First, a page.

Return to Controlling Jobs in Transact-SQL
Controlling Jobs in Transact-SQL
Written by Bill Graziano on 18 September 2000
We've had a couple of questions about "fire and forget" processing and exporting data to alternative formats. One of the easiest way to accomplish these tasks is using JOBS. They can easily be set up and executed from within Enterprise Manager and just as easily controlled from Transact-SQL.
We'll cover a series of system stored procedures to allow you control SQL Server Agent jobs. The first stored procedure you want is sp_start_job. The syntax goes something like this:
sp_start_job [@job_name = ] 'job_name', [@server_name = ] 'server_name'
This will launch a job and immediately return control back to you. By default anyone in the public role can execute this job. The stored procedure will return a 1 for failure and a 0 for success. You may have noticed the server_name parameter. You can use this to launch jobs on target servers also. You could launch a batch update like this:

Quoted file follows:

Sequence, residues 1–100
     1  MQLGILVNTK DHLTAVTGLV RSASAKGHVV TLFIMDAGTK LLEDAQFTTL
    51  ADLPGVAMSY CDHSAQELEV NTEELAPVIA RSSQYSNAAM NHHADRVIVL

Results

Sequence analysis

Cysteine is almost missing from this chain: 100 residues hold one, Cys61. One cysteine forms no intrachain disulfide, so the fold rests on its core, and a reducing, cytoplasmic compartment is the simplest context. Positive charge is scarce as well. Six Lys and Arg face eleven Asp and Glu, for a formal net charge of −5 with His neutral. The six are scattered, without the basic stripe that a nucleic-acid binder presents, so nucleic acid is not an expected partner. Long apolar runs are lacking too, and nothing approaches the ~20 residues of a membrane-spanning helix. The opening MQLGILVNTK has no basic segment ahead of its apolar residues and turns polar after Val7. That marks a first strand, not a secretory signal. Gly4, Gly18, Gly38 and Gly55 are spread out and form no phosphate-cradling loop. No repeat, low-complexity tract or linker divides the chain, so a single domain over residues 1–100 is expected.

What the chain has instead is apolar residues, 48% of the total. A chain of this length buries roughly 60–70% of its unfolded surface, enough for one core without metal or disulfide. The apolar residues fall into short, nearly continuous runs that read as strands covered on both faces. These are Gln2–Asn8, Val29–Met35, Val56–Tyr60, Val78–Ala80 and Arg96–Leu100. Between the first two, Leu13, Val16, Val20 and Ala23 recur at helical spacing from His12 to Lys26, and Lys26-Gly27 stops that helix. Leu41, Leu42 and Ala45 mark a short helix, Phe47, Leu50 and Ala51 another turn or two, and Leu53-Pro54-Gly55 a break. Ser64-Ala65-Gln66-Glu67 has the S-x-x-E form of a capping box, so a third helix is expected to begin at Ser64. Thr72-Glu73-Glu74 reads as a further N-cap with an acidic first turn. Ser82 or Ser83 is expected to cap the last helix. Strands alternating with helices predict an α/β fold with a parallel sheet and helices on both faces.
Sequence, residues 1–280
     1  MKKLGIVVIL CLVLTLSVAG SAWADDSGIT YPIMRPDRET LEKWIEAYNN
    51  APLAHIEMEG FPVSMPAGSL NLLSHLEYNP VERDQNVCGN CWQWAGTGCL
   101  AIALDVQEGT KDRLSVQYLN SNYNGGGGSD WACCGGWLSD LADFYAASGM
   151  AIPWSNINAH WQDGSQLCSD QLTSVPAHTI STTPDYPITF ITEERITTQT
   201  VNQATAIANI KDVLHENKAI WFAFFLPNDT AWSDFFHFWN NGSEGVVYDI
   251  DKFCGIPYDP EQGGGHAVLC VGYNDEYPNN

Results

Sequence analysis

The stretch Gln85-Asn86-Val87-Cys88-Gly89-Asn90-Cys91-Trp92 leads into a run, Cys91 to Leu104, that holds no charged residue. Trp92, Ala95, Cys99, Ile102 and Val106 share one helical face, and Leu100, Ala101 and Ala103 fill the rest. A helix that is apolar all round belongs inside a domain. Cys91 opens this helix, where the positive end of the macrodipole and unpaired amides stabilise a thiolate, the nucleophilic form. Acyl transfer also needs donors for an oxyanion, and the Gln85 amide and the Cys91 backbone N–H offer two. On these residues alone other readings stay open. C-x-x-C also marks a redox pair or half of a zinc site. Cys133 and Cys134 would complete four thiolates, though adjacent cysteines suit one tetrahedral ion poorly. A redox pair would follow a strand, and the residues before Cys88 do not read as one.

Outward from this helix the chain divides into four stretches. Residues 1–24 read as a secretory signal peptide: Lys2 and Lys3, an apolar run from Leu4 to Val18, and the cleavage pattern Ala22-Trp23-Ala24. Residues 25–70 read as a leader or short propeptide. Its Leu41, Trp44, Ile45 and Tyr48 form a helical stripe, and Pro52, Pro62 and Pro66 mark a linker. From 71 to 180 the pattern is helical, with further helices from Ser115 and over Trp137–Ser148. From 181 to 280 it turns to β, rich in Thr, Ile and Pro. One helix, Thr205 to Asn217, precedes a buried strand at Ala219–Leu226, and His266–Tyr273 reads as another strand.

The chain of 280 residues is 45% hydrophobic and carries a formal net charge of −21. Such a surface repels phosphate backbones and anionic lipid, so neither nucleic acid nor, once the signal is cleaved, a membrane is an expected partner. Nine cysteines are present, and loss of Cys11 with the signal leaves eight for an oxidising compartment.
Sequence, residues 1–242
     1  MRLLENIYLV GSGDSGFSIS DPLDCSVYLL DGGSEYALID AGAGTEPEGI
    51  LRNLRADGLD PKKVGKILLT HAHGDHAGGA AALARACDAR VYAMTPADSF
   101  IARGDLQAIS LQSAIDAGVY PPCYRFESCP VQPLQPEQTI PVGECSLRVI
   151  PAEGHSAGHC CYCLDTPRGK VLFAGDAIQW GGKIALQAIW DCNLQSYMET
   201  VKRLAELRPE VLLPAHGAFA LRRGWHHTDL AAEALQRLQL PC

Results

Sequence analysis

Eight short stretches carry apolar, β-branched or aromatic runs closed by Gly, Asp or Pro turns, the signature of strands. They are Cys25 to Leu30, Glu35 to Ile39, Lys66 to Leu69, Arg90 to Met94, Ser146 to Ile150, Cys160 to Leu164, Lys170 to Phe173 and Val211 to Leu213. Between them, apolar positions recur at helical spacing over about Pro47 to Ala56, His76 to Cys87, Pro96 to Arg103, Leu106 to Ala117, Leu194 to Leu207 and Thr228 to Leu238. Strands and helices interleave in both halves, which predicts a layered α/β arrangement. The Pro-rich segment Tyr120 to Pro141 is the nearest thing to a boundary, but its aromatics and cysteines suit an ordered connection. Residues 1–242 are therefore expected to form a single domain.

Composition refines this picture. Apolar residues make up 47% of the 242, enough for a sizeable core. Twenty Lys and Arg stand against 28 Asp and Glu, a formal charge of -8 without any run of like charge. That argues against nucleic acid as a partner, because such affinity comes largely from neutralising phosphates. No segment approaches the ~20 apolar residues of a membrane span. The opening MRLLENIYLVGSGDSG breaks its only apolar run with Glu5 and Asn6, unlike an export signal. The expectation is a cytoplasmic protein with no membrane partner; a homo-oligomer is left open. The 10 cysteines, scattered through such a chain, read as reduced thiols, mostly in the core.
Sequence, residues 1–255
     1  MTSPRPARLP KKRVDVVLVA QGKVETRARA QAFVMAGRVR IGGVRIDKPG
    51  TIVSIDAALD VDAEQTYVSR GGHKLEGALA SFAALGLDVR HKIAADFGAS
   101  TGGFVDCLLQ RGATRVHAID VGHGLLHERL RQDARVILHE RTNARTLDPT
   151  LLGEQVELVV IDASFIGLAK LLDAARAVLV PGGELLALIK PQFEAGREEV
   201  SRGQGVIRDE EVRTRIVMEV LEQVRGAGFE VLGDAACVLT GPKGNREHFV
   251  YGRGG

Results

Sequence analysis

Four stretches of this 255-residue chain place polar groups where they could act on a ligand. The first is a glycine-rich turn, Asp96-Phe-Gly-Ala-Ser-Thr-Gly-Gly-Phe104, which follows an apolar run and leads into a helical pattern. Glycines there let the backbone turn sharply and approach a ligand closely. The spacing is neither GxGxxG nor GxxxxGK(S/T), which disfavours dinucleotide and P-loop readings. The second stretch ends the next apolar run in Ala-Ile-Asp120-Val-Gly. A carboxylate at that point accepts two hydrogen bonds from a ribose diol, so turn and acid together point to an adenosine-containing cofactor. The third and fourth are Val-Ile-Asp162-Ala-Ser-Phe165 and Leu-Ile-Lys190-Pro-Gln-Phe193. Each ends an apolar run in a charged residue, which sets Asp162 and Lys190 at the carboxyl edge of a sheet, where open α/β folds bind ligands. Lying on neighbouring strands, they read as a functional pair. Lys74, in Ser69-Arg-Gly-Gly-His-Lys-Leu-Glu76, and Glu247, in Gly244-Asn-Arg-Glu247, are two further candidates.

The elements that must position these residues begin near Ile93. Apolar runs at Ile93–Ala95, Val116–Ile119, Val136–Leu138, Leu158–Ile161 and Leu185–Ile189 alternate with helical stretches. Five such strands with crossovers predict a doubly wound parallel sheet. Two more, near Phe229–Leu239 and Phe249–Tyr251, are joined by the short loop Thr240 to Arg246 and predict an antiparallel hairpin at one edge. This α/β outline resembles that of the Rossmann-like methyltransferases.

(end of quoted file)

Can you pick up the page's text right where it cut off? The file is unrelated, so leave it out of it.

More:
sp_start_job @job_name = 'BatchUpdate'
Now that you've started the job you can check on the status by using sp_help_job. The key syntax points are:
sp_help_job [@job_name = ] 'job_name'
This will return a whole bunch of columns. The main one you need to be concerned with is
current_execution_status. It can have the following values:
0 - Returns only those jobs that are not idle or suspended.
1 - Executing.
2 - Waiting for thread.
3 - Between retries.
4 - Idle.
5 - Suspended.
7 - Performing completion actions.
sp_help_job has many more options and I'd encourage you to look in Books Online for more details. It can also give you detailed information about job schedules.
If you wish to cancel a running job you can use sp_stop_job. The basics of it's syntax is:
sp_stop_job [@job_name = ] 'job_name'
It will also take parameters for server_name like the other stored procedures.
That's really the basics of controlling jobs from within Transact-SQL.